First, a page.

In Amazon, Wall Street worships a disruptive god

February 8, 2013

Why does Amazon please Wall Street so much? The company treats shareholders with a disregard that borders on contempt. (CEO Jeff Bezos is “willing to be misunderstood” which means he really doesn’t care if investors understand the business, as we’ll see.) Yet when it announced that profits last quarter fell 45% year-over-year, the stock price saw a healthy bump. Meanwhile, many tech companies, like Apple, which had a high-profit, high-margin quarter, found their stocks punished. Perhaps this is a sign that Wall Street is finally embracing the idea that, for tech companies, growth comes first, even at the expense of profit.

If that’s what’s going on then the Street has started to adopt the ethos of the Valley, specifically of one its most prominent sages: Harvard Business School professor Clay Christensen. The godfather of disruptive innovation, Christensen is often quoted chapter and verse by technology company founders and venture capitalists alike. Christensen studies how established, high-flying technology companies like Amazon and Apple conduct business, to determine if they are ripe for attack from low-margin, startup competitors. His thinking can help shed light on why the market loves Amazon, which is, after all, a barely profitable conglomerate of loosely related businesses that is growing at a bonkers rate. But basically, his theories all comes down to profit margins, and how companies spend their money.

Amazon’s razor-thin margins — just 1.9% for all of 2012 — are, according to Christensen’s theories (and some other Amazon watchers), the company’s key weapon defense against disruptive competition. Not just in defending itself from whatever competitors exist today, but also from competitors that might exist tomorrow. Christensen writes in his seminal book, The Innovator’s Dilemma, that disruptive companies generally start at the low-end of the market, serving customers with cheap, low-margin products that established companies have neglected, in their endless quest to move upmarket, increase profit margins, and please investors.

Despite years of massive growth, Amazon seems to have decided that, in order to remain alive, it must remain a permanent disruptor. In fact, Amazon, it seems, may never optimize for profits over growth. It would surely be tempting for CEO Jeff Bezos to reward himself and shareholders with a couple of blowout profit quarters. A few tweaks in the CFO’s office, and that is probably an achievable goal, and one that would press firmly on Wall Street’s Pavlovian lever of reward. But by taking that tack, Bezos would be forsaking two values he built the business on: a customer-first mentality, and an ethic of permanent disruption. And, to keep its stock healthy, Amazon would have to exceed each blowout quarter with another. And another. Why would Bezos ever play that game?

Instead, the company looks well beyond the short term. On the surface, It made no sense for the world’s largest bookseller to cannibalize its business by promoting ebooks, let alone to build an entire software and hardware platform for them, but that’s what Amazon did with Kindle several years ago. This allowed Amazon strengthen its already huge advantage over traditional retail booksellers — today it’s got a sleek $99 Kindle that might just be the epitome of the form, something unthinkable when it released its first slow, expensive readers years ago. And as overall print book sales keep falling, Amazon continues to grab a larger and larger share of the ebook pie.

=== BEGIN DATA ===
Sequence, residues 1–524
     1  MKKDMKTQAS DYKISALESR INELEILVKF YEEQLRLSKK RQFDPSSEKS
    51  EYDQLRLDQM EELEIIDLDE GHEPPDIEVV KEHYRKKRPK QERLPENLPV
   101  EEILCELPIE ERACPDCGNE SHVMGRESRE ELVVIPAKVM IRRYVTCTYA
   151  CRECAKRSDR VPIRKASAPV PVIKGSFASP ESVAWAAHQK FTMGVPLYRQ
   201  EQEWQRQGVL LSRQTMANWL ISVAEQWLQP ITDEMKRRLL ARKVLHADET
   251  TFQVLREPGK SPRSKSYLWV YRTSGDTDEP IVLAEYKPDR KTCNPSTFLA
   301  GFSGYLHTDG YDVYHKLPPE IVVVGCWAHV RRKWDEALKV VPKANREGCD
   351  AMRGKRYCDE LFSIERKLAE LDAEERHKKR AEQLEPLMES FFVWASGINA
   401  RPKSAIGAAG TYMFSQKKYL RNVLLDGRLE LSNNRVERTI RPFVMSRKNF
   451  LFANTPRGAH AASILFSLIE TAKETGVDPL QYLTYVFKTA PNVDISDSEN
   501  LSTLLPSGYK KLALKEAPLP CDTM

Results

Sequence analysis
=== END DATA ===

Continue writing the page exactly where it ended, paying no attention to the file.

Instead of earnings, the pressure on Amazon puts on itself seems to be to find new ways to be an integral, irreplaceable part of the Internet. Bezos in fact seems to have done nothing more than scare away investors who expect Amazon’s focus to be on anything else. Let Apple or Samsung make whatever device it wants, and sell it at whatever margin. Amazon will be the one get it to your house in two days, and handle the servers that put a lot of the content on it. (And perhaps while ordering one, you’d like to check out their latest, cheaper Kindle Fire?)

Matt Yglesias missed a key point when he wrote “Amazon, as best I can tell, is a charitable organization being run by elements of the investment community for the benefit of consumers.” There’s nothing charitable about how the company is run. It wrings efficiency out of its businesses until there’s nothing left to give (and it refuses to break down its profits by business segment, masking which of its businesses generate cash and which lose it). Then it goes after seemingly stable businesses, like server hosting, punishing competitors for their high-margin ways, and systematically destroying them. Rinse and repeat, and you either have Shiva, the destroyer of worlds, or you have Amazon, the great disruptor.

There’s no rule that says publicly traded companies must be judged on earnings. And it’s often said that no matter what product a company is selling, if it’s a technology company, its primary output is shouldn’t be code or apps or devices, but innovation itself. By that measure, perhaps Amazon’s investors have the company dead to rights after all — or at least they do until next quarter.

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